The state government has announced that Victoria will create a special task force to deal with animal disease emergencies.
The Animal Disease Emergency Task Force will be overseen by senior officials from both the agricultural and emergency management sectors.
The task force will plan for a response to FMD if the devastating animal virus begins to spread in the state.
Australian authorities sounded the alarm after a recent outbreak of foot-and-mouth disease in neighboring Indonesia.
It is one of the most serious livestock diseases in the world, affecting artiodactyls such as cattle, sheep and pigs.
The disease can be spread through manure and there is a risk that one step on contaminated soil could carry the virus to Australia.
If the outbreak were in Australia, it would be the first in 130 years. This will likely require mass slaughter of the animals and could cost up to $80 billion across the country in one year.
A press release from the Victorian government says the new task force will focus on “strengthening the Victorian agricultural workforce to manage the potential social, economic and environmental threat of foot-and-mouth disease.”
“Biosecurity is everyone’s responsibility, and we must all help protect our agriculture, our economy, and our unique natural environment,” said State Secretary of Agriculture Gail Tierney.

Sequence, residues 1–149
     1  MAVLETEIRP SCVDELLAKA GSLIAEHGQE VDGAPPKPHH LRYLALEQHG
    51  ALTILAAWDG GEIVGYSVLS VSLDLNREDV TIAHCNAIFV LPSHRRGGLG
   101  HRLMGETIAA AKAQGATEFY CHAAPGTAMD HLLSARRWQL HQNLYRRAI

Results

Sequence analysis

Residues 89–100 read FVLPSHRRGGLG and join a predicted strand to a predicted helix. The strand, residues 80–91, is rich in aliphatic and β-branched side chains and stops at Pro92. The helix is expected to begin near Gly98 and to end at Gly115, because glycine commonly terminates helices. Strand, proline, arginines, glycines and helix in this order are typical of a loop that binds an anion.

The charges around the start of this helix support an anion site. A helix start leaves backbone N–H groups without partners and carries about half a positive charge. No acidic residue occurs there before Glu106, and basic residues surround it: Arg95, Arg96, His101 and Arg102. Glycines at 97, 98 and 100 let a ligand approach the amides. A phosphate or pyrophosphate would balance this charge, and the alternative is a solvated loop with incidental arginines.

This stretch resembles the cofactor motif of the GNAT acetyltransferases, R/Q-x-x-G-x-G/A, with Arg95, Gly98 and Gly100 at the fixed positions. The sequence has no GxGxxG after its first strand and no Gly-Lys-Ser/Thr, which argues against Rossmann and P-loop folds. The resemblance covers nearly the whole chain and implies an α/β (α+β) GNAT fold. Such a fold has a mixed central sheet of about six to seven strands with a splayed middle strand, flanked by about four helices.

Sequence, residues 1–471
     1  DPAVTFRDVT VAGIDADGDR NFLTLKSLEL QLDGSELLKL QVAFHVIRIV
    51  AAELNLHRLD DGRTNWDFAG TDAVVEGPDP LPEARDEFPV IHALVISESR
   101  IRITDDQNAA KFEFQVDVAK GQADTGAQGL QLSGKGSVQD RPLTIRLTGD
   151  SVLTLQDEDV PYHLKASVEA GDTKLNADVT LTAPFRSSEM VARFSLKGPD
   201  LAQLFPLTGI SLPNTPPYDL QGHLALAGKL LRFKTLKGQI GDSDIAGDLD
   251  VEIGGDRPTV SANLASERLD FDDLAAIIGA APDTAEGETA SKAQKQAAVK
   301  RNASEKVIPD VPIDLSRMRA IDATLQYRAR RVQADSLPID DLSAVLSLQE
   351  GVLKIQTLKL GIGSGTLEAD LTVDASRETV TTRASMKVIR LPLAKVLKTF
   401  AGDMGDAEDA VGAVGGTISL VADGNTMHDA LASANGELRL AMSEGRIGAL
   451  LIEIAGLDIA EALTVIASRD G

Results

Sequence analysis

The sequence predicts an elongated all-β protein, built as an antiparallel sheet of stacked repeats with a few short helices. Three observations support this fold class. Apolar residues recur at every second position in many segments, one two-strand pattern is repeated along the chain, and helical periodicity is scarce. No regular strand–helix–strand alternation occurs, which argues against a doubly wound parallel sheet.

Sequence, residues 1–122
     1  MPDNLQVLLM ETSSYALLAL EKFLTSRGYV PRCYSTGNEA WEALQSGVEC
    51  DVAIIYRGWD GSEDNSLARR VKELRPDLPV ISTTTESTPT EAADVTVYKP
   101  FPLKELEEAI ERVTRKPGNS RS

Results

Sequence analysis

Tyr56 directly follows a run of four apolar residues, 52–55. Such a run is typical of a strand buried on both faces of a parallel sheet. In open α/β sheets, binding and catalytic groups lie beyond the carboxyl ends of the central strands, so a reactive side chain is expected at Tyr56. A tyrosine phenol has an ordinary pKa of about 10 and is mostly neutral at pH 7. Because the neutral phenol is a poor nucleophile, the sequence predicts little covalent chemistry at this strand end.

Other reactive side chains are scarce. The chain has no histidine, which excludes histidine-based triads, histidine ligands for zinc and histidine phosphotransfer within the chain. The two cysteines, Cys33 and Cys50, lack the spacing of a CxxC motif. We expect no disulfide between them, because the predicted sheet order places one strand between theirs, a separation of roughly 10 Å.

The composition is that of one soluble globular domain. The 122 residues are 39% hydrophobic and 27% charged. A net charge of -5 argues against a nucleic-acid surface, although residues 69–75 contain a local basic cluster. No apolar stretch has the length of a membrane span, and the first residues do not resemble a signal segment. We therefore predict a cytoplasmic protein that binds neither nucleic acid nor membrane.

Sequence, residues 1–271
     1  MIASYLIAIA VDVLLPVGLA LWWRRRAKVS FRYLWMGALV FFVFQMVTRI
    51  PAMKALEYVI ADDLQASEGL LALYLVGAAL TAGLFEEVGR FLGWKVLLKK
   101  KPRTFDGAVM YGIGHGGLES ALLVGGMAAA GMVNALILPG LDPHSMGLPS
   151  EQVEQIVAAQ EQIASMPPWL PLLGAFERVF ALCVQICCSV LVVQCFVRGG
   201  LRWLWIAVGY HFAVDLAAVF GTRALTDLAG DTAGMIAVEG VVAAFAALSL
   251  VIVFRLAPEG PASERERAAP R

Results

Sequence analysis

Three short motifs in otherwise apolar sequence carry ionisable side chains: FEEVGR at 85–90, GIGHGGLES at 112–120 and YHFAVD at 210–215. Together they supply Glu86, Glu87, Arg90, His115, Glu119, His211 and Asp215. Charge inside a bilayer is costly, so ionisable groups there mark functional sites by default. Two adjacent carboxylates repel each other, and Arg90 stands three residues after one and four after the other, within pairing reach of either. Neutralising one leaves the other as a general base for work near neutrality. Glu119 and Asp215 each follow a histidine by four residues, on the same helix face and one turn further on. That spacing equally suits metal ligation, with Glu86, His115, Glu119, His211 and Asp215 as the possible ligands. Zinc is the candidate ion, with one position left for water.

“Risk assessment and preparedness are key factors in ensuring that we can best respond if a positive test is found in livestock in Victoria and we are now doing the work to protect our industry.”
The group will be led by Victorian Chief Executive of Agriculture Matt Lowe and Emergency Commissioner Andrew Crisp, with Chief Veterinary Officer Graeme Cook providing advice.
“FMD is not yet in Australia – and we all need to keep it that way with strong measures to protect the Australian border – but plans need to be kept in place should they ever arise. necessary,” said Dr. Cook.
Originally published as Victoria establishes Animal Disease Emergency Task Force to combat FMD threat